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USCIRF Mourns Death of Leading Pakistani Human Rights Defender

FOR IMMEDIATE RELEASE

February 13, 2018

USCIRF Mourns Death of Leading Pakistani Human Rights Defender

USCIRF Chairman Mark says Ms. Jahangir “will always be remembered as a fearless advocate for human rights”

WASHINGTON, DC -- The United States Commission on International Religious Freedom (USCIRF) was deeply saddened to learn of the death on Sunday of Ms. Asma Jahangir, a leading human rights defender in Pakistan and a former United Nations expert on freedom of religion or belief.

“Ms. Jahangir was an outspoken critic of the Pakistani government’s misuse of blasphemy laws, particularly targeting Ahmadis and Christians,” said USCIRF Chairman Daniel Mark. “She did this despite great risk to her own personal safety. She will always be remembered as a fearless advocate for human rights both in Pakistan and around the globe.”

Ms. Jahangir died on February 10 in her native Pakistan. She was 66. She served in various capacities as a human rights expert for the United Nations, most recently as UN Special Rapporteur on the situation of human rights in Iran since 2016.  She previously served as Special Rapporteur on freedom of religion or belief (2004 to 2010) and Special Rapporteur on extrajudicial, summary and arbitrary executions (1998 to 2004).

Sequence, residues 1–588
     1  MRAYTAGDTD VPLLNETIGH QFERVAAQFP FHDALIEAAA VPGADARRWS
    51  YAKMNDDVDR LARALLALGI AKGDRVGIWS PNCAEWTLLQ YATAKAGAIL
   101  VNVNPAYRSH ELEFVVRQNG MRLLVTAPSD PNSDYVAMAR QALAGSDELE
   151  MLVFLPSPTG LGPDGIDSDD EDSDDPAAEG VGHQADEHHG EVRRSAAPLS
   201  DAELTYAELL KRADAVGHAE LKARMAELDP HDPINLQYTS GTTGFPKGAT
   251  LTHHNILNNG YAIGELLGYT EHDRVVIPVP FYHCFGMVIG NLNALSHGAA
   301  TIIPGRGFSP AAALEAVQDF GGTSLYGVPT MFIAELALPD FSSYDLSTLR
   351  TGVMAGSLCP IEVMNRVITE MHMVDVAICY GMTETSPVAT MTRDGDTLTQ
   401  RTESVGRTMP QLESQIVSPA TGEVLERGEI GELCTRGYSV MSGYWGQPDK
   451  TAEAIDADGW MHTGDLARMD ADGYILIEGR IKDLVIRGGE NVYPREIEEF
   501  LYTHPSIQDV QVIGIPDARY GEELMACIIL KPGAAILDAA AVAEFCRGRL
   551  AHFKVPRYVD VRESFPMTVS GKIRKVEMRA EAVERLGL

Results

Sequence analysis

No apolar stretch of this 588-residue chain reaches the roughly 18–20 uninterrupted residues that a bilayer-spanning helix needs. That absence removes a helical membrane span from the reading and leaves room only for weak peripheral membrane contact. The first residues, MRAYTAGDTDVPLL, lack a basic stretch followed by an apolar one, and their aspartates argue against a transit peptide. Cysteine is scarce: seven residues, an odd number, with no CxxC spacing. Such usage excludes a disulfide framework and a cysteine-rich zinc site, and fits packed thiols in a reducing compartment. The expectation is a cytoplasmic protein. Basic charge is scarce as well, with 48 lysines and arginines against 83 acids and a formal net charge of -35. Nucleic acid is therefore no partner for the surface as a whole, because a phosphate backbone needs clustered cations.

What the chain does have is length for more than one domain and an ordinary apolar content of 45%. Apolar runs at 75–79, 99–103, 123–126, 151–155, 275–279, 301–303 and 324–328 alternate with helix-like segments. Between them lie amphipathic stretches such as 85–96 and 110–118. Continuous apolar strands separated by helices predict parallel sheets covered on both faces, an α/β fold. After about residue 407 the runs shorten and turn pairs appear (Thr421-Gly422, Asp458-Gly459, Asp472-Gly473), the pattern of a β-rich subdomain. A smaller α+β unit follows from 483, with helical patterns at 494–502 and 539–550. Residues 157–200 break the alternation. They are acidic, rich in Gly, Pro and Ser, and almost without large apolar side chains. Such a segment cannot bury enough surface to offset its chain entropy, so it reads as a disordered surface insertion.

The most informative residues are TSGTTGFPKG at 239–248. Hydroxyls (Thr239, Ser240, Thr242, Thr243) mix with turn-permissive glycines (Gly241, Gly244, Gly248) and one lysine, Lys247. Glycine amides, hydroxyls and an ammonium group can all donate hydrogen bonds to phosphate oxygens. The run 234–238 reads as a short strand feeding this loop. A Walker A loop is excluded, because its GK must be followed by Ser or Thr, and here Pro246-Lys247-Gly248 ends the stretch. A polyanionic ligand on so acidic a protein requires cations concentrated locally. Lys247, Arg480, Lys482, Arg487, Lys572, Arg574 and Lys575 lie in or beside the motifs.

As a lawyer in Pakistan, Ms. Jahangir was the first woman admitted to the Pakistan Supreme Court Bar Council and was the first female President of the Supreme Court Bar Association of Pakistan. She brought many cases to Pakistan’s courts on behalf of underrepresented communities, including religious minorities and women. She also co-founded the Human Rights Commission of Pakistan and the Women’s Action Forum.

She was imprisoned and placed under house arrest several times in response to her work as a human rights activist.  In 2007, USCIRF condemned the house arrest of Ms. Jahangir by the government of Pakistan during her tenure as UN Special Rapporteur on freedom of religion or belief.

“The death of Ms. Jahangir is a loss to the global human rights community,” continued Chairman Mark. “Her tireless advocacy on behalf of religious minorities in Pakistan and around the world will never be forgotten.”

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The U.S. Commission on International Religious Freedom is an independent, bipartisan U.S. federal government commission, the first of its kind in the world. USCIRF reviews the facts and circumstances of religious freedom violations abroad and makes policy recommendations to the President, the Secretary of State, and Congress. USCIRF Commissioners are appointed by the President and the Congressional leadership of both political parties. To interview a Commissioner, please contact USCIRF at Media@USCIRF.gov or Isaac Six, Associate Director of Congressional Affairs (ISix@USCIRF.gov +1-202-786-0606).